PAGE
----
- I cover myself with towel and wiggle out of bike shorts into running shorts.
- Manage to avoid disqualification for nudity.
- Change from bike jersey to sleeveless running shirt.
- Glide, Gu, water, running belt.
- Let volunteer apply sunscreen.
The first three miles were tough. I got a side ache and in general felt cruddy. A guy running by me said, "Try the coke. You'll feel better right away." He was not referring to the drug, but rather to flat coca cola available at each water station. I took his advice (why not? He seemed friendly enough!) and I did feel stronger and less queasy.
The day was mild, mid-70's, and sunny, so while it felt warm in the sun, it was not overwhelming. I stuck with my plan to stay as wet as possible. I put ice in my bra and in a pocket formed by my race belt and shorts top, dumped water on my neck and pony tail. I am soaked in my finish line photo. I found one flaw in this plan - my electrolyte tablets dissolved in my race belt.
The course begins with a pretty difficult hill - most people were walking. The middle portion is two loops around the Whirlpool campus. For a couple miles we were on a walking trail - paved - shady - nice!!!! I loved the run - plenty of people to chat with - many encouraging each other. At the end of the Whirpool loop is a very steep hill - you do this twice. Each time I connected with another athlete and we chatted our way up. Great distraction.
Before the second loop, I saw a young male finisher lounging on his bicycle. "A little part of me hates you!" I yelled. He laughed and said "You are doing great. Keep going!"
My quads start protesting by mile 10, but I know I am going to finish.
Spectators frequented the route, applauding and exhorting. This was one of the best surprises of the day. Pockets of spectators on difficult bike and run hills enthusiastically called participants to persevere. I tried to thank every group I saw. I have been at the tail end of smaller triathlons and it is a discouraging and lonely experience. This was anything but. My spirits soared throughout.
The volunteers amazed me. Every drink stop was well manned with adults and children. These kids were sweet! I cannot believe they stayed out, cheerful and helpful, for so many hours. The race started at 7 a.m. - pro bikers were on the course by 7:30 a.m., then running a couple hours after that. I was running through 12 - 2:30 p.m. Others did not finish until after 5 p.m. That's a long day for a huge number of helpers and spectators. Thank you, thank you, thank you!
Down the long starter hill, around a corner, across a beach bridge, down the chute (again, lined with spectators), and the announcers voice congratulating each finisher by name. "Congratulations to Ann Baker!" YAY! Arms extended overhead, I must have been yelling as I crossed the line, because the pictures are pretty funny - massive face contortions. Nice smile once I was across - I'll have to remember that for Ironman Florida.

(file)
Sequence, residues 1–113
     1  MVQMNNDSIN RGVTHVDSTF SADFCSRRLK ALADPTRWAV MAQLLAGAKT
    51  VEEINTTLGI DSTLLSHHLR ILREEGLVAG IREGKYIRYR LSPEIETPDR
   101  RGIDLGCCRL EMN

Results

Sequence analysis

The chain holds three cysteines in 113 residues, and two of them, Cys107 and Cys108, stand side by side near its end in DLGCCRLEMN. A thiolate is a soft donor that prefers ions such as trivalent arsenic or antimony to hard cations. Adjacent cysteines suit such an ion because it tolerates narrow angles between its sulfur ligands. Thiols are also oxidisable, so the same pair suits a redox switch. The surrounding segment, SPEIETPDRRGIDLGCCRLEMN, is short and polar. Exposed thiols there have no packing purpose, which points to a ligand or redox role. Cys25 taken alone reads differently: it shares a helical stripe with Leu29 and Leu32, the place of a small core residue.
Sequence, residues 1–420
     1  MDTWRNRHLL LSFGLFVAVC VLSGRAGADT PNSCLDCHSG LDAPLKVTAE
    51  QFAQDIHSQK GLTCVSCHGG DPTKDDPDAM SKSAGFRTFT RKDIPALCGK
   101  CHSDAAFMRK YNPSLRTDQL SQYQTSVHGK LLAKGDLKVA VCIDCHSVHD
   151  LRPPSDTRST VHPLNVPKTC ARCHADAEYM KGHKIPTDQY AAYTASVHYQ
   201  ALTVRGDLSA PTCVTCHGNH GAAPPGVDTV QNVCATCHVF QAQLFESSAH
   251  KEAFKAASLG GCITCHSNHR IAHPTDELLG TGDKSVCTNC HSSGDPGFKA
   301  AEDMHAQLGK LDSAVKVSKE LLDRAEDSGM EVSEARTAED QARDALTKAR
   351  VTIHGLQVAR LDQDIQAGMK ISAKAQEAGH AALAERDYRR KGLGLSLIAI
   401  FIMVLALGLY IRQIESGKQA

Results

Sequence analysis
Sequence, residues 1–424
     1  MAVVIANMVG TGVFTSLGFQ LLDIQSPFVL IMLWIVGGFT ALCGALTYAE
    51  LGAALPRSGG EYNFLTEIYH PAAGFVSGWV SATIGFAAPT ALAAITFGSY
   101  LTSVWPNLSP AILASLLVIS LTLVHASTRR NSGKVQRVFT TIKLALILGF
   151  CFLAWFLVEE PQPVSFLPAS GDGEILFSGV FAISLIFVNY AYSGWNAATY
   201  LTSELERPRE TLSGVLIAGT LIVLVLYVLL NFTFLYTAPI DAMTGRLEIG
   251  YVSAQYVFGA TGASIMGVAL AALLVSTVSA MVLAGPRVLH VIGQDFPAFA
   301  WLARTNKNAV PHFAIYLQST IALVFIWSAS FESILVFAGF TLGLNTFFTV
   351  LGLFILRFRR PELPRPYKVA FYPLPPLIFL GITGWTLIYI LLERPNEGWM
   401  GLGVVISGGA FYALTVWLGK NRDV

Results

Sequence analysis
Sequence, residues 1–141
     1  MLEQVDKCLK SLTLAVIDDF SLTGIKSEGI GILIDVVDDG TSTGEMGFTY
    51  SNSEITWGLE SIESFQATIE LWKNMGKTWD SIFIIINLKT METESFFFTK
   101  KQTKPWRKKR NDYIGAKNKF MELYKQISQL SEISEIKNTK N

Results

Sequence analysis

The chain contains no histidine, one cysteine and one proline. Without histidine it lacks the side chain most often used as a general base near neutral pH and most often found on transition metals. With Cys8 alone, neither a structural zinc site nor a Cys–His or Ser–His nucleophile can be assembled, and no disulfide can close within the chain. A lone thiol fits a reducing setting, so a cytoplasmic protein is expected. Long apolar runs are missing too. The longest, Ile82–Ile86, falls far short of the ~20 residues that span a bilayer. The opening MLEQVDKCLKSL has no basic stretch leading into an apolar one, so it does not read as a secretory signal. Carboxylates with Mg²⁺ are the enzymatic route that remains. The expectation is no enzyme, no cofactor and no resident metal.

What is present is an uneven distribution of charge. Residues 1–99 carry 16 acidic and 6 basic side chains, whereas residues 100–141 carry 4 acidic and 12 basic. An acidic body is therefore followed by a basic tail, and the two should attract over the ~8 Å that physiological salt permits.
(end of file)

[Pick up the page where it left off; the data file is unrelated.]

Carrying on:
7:13, and I couldn't be happier!
Found Mom, who had left the finish line area about five minutes earlier. She was disappointed.
I started to worry about Barry. I thought maybe he had passed me on the bike and I missed identifying him. Mom had not seen him, so I knew he hadn't quit the race. Barry finished in 7:17 - struggled with nutrition so pooped out on the run, his strong leg.
Great after party, like everything else at the Steelhead 70.3. The only difficulty emerged after we had eaten, cleaned most of the grime off at the beach bath house outdoor showers, and started the walk to parking.
When you are tired and accompanied by an 87 year old woman, the parking is WAY far from the start. I envied the participants who rode their bikes out - we had a cooler and chair and Mom. Barry could not carry his pack due to back pain, so I balanced his on my handlebars and backpacked mine. Mom was carrying her bag and cooler. Finally, we found an open VIP parking space and dumped it all and Barry walked to the car.
Recovery wasn't too bad, though I pulled some intercostal muscles and they fired up late in the post-event week. Barry pulled a calf muscle, but is back to running now, training for the Marine Corp Marathon.
All in all, a FABULOUS experience. I am blessed. And since Barry and I are each 1/2 an Ironman, together we make a full Ironman! Good mojo for November!
Get out there and swim, bike or run - or simply walk. But get out there. It's a beautiful world with a lot of great people.
Click to read Part I
Click to read Part II